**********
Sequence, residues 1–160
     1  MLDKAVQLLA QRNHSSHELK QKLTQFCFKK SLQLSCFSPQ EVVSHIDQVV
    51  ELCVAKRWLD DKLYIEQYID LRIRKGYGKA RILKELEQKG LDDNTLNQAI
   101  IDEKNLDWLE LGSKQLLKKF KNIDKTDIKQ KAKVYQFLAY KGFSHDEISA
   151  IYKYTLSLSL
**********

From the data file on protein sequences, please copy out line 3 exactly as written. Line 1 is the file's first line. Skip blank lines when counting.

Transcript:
    51  ELCVAKRWLD DKLYIEQYID LRIRKGYGKA RILKELEQKG LDDNTLNQAI